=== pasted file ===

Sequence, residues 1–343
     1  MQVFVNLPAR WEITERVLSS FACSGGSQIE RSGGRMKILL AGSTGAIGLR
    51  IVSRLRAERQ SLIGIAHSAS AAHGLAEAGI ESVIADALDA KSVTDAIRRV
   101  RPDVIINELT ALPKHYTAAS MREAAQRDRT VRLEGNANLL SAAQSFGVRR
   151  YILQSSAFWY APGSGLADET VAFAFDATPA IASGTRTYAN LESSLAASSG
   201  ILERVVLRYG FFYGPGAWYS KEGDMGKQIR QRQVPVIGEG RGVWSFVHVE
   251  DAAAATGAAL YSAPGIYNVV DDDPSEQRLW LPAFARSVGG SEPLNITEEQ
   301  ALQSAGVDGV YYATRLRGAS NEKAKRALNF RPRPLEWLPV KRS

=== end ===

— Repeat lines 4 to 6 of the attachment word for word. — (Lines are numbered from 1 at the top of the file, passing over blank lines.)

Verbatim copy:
   101  RPDVIINELT ALPKHYTAAS MREAAQRDRT VRLEGNANLL SAAQSFGVRR
   151  YILQSSAFWY APGSGLADET VAFAFDATPA IASGTRTYAN LESSLAASSG
   201  ILERVVLRYG FFYGPGAWYS KEGDMGKQIR QRQVPVIGEG RGVWSFVHVE